Quatuor Diotima

Quatuor Diotima

The Quatuor Diotima is one of the most in-demand chamber ensembles in the world today. It was formed in 1996 by graduates of the Paris National Conservatory.

The quartet’s name evokes a double musical significance: Diotima is at once an allegory of German romanticism – Friederich Hölderlin gives the name to the love of his life in his novel Hyperion- and a rallying cry for the music of our time, brandished by Luigi Nono in his composition Fragmente-Stille, an Diotima.

The Quatuor Diotima has worked in close collaboration with several of the greatest composers of the late twentieth century, notably Pierre Boulez (who revised his Livre pour Quatuor for them) and Helmut Lachenmann. The quartet regularly commissions new works from the most brilliant composers of our time, including Toshio Hosokawa, Miroslav Srnka, Alberto Posadas, Mauro Lanza, Gérard Pesson, Rebecca Saunders and Tristan Murail.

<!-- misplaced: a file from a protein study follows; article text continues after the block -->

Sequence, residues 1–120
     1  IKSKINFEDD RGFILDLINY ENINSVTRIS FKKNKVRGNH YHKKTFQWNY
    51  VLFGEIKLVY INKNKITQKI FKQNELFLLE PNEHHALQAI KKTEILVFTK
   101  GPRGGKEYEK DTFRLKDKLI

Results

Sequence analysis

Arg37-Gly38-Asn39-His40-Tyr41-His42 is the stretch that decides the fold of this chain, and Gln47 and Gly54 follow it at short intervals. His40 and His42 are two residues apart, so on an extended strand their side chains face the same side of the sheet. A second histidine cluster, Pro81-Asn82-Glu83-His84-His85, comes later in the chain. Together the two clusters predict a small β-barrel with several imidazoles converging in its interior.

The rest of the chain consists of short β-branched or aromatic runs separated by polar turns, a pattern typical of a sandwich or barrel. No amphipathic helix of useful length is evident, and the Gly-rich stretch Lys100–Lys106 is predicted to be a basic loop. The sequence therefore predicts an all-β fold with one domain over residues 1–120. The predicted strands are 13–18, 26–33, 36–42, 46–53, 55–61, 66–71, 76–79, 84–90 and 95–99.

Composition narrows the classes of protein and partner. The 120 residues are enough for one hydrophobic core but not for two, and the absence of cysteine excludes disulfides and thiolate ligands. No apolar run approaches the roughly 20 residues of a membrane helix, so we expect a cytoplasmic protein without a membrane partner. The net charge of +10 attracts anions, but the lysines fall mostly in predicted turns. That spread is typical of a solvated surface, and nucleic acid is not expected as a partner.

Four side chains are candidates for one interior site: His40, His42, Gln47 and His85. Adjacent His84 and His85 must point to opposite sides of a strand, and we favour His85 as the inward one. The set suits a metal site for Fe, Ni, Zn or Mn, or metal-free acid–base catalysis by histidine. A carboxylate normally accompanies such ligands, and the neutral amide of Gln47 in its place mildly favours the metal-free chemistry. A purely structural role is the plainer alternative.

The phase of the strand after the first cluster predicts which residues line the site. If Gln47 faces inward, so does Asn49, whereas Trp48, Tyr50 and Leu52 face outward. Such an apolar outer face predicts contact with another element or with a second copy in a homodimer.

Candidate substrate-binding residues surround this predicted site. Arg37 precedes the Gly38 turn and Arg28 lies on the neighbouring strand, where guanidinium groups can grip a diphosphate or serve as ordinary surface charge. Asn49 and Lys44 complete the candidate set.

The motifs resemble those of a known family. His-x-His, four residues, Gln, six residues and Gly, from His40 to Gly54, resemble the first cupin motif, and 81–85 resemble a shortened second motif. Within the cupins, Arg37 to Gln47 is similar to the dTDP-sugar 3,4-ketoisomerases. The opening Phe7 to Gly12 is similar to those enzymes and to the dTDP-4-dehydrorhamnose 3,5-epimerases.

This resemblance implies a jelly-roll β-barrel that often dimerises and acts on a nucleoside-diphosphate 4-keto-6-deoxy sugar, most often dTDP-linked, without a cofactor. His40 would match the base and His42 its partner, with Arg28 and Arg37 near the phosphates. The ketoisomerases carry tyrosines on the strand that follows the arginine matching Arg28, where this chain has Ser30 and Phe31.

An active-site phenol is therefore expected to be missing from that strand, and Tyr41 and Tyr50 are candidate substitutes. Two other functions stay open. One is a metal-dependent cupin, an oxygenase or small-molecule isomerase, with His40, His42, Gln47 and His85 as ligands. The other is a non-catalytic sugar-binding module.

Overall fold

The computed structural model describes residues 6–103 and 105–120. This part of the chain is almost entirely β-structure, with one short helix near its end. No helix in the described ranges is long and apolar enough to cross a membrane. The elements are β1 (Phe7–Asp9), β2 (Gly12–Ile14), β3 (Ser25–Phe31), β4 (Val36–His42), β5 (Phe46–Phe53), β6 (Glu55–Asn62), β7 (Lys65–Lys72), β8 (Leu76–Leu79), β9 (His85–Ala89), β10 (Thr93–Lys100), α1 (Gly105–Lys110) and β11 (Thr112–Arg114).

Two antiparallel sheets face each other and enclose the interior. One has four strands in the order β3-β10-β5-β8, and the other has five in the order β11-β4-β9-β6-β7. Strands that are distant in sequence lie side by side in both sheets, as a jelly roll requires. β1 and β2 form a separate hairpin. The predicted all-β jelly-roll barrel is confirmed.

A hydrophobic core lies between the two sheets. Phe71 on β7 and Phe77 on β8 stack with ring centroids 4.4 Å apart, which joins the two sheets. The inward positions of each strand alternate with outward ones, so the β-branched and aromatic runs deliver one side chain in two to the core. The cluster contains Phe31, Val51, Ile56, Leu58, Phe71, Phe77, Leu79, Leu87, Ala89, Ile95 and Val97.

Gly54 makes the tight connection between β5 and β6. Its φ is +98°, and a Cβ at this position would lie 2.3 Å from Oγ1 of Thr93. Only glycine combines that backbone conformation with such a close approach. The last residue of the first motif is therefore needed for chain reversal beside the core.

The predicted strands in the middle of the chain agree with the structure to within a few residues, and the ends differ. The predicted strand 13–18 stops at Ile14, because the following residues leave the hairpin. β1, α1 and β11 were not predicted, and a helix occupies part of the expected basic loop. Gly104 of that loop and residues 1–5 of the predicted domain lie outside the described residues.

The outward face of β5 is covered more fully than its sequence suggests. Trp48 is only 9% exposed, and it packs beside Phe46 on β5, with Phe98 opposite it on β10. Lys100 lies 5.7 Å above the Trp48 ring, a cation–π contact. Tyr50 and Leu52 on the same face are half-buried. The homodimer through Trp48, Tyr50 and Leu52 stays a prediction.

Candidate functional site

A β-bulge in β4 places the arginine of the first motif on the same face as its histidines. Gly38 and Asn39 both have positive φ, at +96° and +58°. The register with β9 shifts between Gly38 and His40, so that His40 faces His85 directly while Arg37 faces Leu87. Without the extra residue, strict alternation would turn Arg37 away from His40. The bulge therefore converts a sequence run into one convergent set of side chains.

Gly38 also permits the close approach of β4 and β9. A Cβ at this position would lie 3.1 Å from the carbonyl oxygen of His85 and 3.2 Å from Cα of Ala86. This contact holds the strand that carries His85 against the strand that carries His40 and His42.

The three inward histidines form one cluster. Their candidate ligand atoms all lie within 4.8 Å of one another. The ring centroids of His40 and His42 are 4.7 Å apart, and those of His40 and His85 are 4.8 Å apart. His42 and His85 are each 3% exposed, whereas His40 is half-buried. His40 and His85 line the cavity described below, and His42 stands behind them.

Reflected in the mirror of today’s music, the quartet projects a new light onto the masterpieces of the 19th and 20th centuries, especially Beethoven, Schubert, the Second Viennese School (Schoenberg, Berg and Webern), as well as Janáček, Debussy, Ravel and Bartók.

In the quartet’s rich discography one finds, notably, their interpretations of the Second Viennese School and the definitive version of the Livre pour Quatuor by Pierre Boulez (on Megadisc). Their recordings are regularly praised and awarded by the international musical press: French magazine Diapason’s Diapason d’Or (five awards including two Best of the Year), Classica (Best of the Year), Télérama, Grammophone (Editor’s Choice), The Strad, and many others.

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